Midyear data release hopes to crowd source academic data-matching brainpower
The Centrelink robo-debt debacle hasn't dimmed the Australian government's enthusiasm for data-matching as a policy tool.
Largely lifted from a controversial program undertaken in New Zealand that willingly trades privacy for service outcomes, the review suggested applying big data to welfare recipients to identify and pursue individuals at risk of long-term unemployment or other forms of welfare dependency.
Part of that, as the department explains here, is the data release: access will be provided to de-identified, DSS longitudinal welfare data which are one of the data sets used to underpin the Priority Investment Approach.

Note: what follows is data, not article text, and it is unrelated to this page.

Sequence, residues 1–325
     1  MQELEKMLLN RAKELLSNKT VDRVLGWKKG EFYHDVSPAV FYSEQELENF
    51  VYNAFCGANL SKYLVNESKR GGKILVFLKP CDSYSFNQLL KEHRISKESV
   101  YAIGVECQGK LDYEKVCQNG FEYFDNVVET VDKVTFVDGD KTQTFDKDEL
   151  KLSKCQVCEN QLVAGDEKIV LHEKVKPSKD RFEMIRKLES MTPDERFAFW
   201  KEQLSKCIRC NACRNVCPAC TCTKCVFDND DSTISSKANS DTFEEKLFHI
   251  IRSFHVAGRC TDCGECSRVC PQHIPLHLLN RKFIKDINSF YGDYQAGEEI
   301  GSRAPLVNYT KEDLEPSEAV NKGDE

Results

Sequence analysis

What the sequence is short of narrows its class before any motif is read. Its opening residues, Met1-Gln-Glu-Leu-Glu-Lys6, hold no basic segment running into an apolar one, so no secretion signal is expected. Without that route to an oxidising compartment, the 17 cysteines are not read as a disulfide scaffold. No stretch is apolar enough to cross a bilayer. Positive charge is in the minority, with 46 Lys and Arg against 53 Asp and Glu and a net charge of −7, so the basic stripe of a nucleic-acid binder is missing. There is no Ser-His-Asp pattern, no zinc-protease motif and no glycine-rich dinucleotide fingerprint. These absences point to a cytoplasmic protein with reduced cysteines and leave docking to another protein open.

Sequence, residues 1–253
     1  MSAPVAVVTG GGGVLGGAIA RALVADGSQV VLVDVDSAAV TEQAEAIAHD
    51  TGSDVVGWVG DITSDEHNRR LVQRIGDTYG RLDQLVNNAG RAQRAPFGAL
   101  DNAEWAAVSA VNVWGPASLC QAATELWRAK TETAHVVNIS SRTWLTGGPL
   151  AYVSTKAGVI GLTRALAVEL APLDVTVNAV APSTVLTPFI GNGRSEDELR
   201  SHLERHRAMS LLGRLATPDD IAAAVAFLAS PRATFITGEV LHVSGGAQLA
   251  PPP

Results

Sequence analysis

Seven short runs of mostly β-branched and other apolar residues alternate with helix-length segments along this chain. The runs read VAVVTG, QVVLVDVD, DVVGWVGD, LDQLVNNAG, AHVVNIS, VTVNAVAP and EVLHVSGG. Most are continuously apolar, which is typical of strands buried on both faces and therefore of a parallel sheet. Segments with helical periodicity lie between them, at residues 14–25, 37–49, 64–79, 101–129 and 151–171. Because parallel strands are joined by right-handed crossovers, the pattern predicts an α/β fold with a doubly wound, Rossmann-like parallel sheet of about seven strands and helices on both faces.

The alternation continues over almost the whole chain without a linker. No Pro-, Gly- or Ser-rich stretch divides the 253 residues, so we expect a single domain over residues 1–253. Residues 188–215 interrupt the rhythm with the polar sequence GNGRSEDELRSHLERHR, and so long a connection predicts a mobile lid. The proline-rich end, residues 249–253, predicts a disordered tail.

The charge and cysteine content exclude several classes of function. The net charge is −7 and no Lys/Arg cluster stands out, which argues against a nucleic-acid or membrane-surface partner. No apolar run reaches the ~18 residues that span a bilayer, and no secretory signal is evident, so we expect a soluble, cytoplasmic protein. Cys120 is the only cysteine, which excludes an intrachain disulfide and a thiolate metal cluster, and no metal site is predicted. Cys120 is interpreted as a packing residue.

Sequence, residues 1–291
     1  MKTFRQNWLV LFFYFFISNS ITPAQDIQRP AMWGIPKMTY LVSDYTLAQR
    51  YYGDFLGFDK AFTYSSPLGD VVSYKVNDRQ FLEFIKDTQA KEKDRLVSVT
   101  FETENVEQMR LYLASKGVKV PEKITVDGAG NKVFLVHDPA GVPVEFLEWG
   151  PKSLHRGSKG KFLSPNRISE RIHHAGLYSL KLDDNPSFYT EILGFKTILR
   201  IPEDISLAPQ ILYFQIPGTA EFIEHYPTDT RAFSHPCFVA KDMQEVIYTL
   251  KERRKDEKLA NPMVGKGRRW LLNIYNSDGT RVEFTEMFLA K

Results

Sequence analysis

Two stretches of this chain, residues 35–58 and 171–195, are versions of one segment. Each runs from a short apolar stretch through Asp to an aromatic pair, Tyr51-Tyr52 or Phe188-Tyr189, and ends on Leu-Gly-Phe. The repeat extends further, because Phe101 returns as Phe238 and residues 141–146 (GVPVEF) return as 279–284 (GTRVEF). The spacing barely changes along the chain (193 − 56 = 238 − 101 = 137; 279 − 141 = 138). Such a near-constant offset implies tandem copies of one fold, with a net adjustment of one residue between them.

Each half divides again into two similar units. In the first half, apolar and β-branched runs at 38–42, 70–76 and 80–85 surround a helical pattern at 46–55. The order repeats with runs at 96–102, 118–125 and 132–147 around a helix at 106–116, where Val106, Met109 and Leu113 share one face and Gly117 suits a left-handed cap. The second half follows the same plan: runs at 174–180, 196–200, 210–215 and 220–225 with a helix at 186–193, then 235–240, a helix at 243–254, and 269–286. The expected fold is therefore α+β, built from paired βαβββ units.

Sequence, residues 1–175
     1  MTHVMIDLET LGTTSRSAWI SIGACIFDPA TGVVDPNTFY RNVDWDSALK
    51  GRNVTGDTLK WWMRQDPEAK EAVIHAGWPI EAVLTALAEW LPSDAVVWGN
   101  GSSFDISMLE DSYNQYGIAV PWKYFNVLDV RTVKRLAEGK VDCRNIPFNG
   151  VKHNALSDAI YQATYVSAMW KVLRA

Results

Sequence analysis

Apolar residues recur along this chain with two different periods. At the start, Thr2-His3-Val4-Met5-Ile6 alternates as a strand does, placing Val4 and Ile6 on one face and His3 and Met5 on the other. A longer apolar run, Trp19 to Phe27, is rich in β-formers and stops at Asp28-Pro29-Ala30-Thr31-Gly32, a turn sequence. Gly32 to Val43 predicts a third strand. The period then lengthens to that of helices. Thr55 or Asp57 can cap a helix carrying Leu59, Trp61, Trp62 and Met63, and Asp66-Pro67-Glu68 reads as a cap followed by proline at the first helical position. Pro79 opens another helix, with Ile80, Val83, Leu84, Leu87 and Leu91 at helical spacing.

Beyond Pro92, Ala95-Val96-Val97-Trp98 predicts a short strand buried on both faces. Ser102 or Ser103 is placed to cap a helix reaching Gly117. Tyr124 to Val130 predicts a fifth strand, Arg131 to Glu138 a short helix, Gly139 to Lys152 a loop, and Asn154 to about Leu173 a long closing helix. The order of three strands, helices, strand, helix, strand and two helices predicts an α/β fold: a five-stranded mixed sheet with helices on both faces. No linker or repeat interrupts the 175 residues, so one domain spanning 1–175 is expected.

As well as data matching, the program touches another potential flashpoint: anonymity.
We were told by a departmental spokesperson that the limited longitudinal data will be released to eligible stakeholders within six months.